Fanta ran a farming business in Makary in Cameroon. She sold rice, sorghum and okra in Nigeria. It was a successful enterprise that supported Fanta and her seven children and supplemented her husband’s income as a driver.
However, after the terror group Boko Haram attacked a village Fanta was visiting, the family realised their lives were at risk. They fled to Kousséri, a city 95 miles from their home village. Fanta relied on her trade in Nigeria but could no longer travel for business, as the border between Cameroon and Nigeria was closed because of the COVID-19 pandemic.
COVID-19 puts the family livelihood at risk
Fanta had lost money and goods when she left Makary, where she’d been selling her produce. With the border closed due to COVID-19, her business travel couldn't continue, so she stopped trading.
The income brought in by Fanta’s husband was not enough to meet their needs, so a friend had to step in and host the family for eight months.
Fanta says: “We lost everything and had to start over again. It wasn't easy to eat and send the children to school. Every day, I was obliged to go to the market to take cereal for credit to resell and have a little profit.”
Normality was slow to return post-pandemic, but things began to improve after Fanta and her family rented their own house and later bought a small plot of land on the city’s outskirts.
Recovery support kickstarts Fanta’s business
In February 2021, Fanta enrolled in the Futuremakers’ recovery project, delivered by the International Rescue Committee and funded by the Standard Chartered Foundation. She joined the Village Savings and Loan Association (VSLA) – the first time she had participated in such activities.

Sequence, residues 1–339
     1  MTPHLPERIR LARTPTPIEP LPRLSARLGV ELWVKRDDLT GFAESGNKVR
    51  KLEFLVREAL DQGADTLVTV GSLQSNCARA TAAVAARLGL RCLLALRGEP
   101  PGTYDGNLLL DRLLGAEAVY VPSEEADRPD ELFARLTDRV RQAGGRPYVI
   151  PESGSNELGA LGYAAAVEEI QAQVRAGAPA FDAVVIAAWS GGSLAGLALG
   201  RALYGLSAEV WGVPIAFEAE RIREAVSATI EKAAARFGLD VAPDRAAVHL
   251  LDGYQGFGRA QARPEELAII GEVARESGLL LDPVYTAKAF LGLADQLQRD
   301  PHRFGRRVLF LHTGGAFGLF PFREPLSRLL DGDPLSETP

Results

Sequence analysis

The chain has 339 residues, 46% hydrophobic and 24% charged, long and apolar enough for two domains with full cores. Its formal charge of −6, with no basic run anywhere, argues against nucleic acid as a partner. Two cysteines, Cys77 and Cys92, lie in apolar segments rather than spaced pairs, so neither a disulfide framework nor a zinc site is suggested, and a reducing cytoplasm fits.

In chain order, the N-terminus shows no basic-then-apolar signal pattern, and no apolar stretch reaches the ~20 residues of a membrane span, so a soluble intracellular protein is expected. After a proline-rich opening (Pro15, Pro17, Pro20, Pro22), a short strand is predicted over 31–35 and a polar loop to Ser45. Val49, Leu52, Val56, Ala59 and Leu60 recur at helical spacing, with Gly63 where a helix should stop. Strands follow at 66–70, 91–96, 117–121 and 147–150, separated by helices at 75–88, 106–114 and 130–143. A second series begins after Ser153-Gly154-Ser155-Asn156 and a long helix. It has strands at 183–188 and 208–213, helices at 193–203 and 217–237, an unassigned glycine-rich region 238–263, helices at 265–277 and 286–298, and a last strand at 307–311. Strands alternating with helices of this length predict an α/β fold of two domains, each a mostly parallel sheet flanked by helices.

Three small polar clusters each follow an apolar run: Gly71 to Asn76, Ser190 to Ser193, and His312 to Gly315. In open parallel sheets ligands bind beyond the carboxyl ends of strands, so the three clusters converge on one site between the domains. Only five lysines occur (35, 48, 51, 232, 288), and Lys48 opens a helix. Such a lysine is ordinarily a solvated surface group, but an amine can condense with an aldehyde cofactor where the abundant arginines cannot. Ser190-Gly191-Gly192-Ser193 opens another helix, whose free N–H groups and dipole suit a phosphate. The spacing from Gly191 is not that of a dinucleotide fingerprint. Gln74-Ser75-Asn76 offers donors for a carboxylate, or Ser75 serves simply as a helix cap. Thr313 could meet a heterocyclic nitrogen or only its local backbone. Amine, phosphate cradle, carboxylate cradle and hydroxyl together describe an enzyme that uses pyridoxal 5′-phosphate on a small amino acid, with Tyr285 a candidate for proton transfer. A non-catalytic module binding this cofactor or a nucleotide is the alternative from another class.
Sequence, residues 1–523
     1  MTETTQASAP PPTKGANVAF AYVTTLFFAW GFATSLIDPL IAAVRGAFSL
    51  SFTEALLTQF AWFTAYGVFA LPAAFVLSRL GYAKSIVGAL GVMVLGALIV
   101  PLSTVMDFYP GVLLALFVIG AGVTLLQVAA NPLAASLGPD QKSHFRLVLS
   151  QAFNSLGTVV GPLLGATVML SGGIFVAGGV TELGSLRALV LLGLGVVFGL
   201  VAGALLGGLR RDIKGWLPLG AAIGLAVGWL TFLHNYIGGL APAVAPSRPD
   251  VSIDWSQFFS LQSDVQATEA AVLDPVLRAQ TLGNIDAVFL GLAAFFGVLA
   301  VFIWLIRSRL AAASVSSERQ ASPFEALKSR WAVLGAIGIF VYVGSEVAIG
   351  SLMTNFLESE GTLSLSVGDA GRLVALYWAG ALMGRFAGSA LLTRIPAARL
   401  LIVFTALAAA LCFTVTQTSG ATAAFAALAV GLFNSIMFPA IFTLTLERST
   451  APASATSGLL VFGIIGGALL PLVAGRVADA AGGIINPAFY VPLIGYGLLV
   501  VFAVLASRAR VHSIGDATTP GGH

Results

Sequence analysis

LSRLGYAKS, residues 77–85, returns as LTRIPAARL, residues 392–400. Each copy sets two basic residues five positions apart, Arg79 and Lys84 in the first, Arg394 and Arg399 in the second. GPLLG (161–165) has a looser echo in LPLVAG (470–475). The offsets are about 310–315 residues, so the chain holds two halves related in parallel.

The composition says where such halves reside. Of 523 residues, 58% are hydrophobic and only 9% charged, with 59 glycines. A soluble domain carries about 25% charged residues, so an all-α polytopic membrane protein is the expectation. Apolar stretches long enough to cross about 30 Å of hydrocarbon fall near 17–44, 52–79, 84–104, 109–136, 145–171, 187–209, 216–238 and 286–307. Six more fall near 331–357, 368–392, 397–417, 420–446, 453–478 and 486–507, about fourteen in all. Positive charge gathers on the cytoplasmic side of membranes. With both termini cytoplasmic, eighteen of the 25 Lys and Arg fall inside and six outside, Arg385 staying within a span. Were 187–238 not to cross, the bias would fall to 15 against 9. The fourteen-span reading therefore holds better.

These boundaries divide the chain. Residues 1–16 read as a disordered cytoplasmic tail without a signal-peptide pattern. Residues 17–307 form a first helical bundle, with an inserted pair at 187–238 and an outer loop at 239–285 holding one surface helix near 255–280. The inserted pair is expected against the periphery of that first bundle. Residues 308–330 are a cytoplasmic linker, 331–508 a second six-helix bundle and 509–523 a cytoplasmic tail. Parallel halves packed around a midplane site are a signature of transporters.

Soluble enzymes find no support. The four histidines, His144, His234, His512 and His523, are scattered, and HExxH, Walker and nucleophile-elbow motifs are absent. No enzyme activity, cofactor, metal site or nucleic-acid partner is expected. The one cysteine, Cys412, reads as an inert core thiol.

As a VSLA member, Fanta took part in training from the IRC on entrepreneurship and saving, including how to set up a business plan. Within nine months of joining the VSLA, she had saved USD3 a week and received USD109 to set up a small business.
With her savings and the IRC’s support, Fanta bought a bag of groundnuts, which she transformed into paste and pulp to sell. Fanta also bought corn, sugar and other condiments, which she tied into bags to resell outside her house. Later, she added macaroni and oil.
Fanta says: “My husband has a low, irregular income, and I contribute most to the family expenses. Thanks to the business’s benefits, I also bought bricks to build the fence of our house. My husband was proud and appreciative, and I am proud that things are improving.”
Family continues to gain from business growth
Thanks to her increasing profits, Fanta is financially empowered and no longer needs to take from her capital to support the family. She can support her family and provide necessities that will protect their future, such as buying a bicycle for her two children to get to school on time.
Fanta says: “My major wish is that my children are free from poverty, continue their education and are fulfilled. My challenge is to have enough capital to develop my business further and contribute to the growth of my family.”
Although Fanta would like to return to Makary to restart her farming business, the security situation is too uncertain. She adds: “In general, I am satisfied. Thanks to the VSLA, I have access to loans and can support my family. Things are going well here in Kousséri, and we are settled.”
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2022 Futuremakers Forum
The Futuremakers Forum was successfully held virtually between 6 – 7 July 2022 with the focus of ‘Lifting participation through financial inclusion’.
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